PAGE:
Despite our communal living, or because of it, there is a need for a space where privacy, procreation, worship, learning, work and rest are accorded the highest protection. We are always vulnerable but in recognizing and affirming dignity and respect due each person and sacred spaces to live and work, we guarantee a society that is functional and engenders debate and reflection.
Debate and reflection are crucial for our engagement with ourselves and each other in examining the quality of our bonds and the commitments we make in a democracy. We, invariably, will make mistakes in the quality of our care and the sincerity of our concern, hence the need for a space for reflection.
Wherever we find ourselves and however dark the night, these sacred spaces allow us to disengage from the routine, mundane, or pressing anxiety that life can be. Challenged by our fears, we are nonetheless insistent that as we walk through cemeteries to see our lovers, or take to bridges that we do not personally examine on our way to work, or attend the graduation of a difficult child, we are assured of a civility of which we can be proud.
Our vulnerability is not the issue. Our vulnerability`s protection is. That space, that buffer has to be guaranteed and honored by state agents and citizens who are minded to disregard each other`s humanity and dignity. For that reason, illegal aliens pursued by the state can safely take refuge in a church, there is lawyer/doctor confidentiality, a man`s house- however humble- is his castle, a confession to a priest is privileged, a worker`s expectation to go about his business safely is not unreasonable.
My concern with vulnerability`s breach is not the few bad apples apology we trot out, or the empty condemnation and threats to lock up the miscreants whom we cannot apprehend, but rather the acknowledgement that if these sacred spaces cannot be guaranteed and defended before the atrocity and carnage is a heart rending picture of grief and loss, is our experiment at nation building viable?
The metal bars on homes, then business places, then schools, now churches, though quite artistic, begs the same question. Is anything sacred anymore? Assuming the answer is yes, who is responsible to defend before the fact, the values we say we hold dear, and give folks the confidence to be and do that which is legal and natural, routine and prayerful.
We have been known to dazzle and underwhelm with responses that say we cannot predict the future and hence we could not have anticipated an action thus readying a preventative response. In the same vein, our politics churn out misfits who can only moan the wretches who live among us as if they are aliens, and we dutifully don our funeral garbs, pray for divine intervention and console ourselves that the fallen brother or sister had a big funeral.
Something is wrong with the quality of our community, not its quantity, when we are consoled by the size and grander of a man`s funeral when he was attacked in a sacred space. It ought not to have come to that. More importantly, what are we going to do about it?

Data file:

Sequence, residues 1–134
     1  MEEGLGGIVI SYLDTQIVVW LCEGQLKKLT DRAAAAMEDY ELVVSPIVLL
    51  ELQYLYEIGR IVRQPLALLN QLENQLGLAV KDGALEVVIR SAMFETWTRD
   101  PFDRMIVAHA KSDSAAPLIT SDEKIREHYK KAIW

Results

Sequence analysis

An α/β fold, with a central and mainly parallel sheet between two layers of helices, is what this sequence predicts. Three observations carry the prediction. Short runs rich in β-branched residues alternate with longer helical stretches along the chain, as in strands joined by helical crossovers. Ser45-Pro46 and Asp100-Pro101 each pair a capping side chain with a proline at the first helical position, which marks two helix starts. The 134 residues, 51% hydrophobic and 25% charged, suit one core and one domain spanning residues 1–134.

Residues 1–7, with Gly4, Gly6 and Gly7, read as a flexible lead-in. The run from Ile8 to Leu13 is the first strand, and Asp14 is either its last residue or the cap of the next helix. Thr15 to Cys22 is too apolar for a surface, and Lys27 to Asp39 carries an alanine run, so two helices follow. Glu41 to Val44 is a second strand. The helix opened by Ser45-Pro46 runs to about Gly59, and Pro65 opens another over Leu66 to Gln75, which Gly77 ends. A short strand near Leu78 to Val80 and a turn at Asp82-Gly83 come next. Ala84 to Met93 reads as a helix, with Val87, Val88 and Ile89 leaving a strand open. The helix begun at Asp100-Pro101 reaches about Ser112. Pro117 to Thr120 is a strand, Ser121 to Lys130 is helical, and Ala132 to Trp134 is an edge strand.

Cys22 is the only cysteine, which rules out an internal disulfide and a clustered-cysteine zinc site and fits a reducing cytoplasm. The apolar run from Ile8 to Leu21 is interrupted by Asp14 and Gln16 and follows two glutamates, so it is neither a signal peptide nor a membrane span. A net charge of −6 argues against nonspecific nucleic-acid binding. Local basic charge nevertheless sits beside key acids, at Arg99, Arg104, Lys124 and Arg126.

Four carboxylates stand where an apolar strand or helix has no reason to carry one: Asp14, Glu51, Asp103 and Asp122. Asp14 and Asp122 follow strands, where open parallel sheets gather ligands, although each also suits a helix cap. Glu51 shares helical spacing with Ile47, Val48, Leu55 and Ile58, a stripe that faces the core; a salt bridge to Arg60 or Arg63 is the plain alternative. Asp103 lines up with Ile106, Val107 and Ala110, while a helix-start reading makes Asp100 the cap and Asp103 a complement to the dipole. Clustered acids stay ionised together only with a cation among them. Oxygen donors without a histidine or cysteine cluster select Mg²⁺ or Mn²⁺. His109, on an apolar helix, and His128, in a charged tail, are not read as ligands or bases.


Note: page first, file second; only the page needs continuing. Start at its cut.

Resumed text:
When a government, whose sacred responsibility it is, in my view, abdicates or neglect or is unable to defend by preventing, mark you, not by apprehending killers after the act, excuses its incompetence to maintain sacred spaces, whether by lack of resources or the courage to lead by example, we have failed the fallen, betrayed the aged, perpetrate fraud on all those we had encouraged to dream, to struggle, to persevere, to believe. The implications are profound, but as we in our individual and collective selves retire from the freshly interred grave, we are seized by the realization that a culture that marginalize sacred spaces is marked for death.
Pointing out the obvious is easy. However, we decide to fix the incontrovertible will be inconvenient, but stopping short of admitting that we have failed each other, or in the case of Jamaica, which, for so many of us, is the place and culture that nurtured a quixotic character and fire in us, a failed state, would be putting nostalgic yesterday ahead of a transforming tomorrow.
We must allow tales of ghost and goblins, three-legged horses, fear of dark and scary monsters to terrorize us till we find the courage to walk alone in the dead of night, still fearful but purposed by love and devotion to challenge life and circumstances for those we love. We know we will encounter brutes and cowards along the way, robbers even, but death as a certainty in the course of work and play? Ask yourself this question as you contemplate how a paradise has been lost and to be recovered. If you have to choose between a coward and a thief as your leader, what would you do?
If that is what we have to look forward to, our parents, living or dead, should be damn shame of what we have become for all the education we have garnered.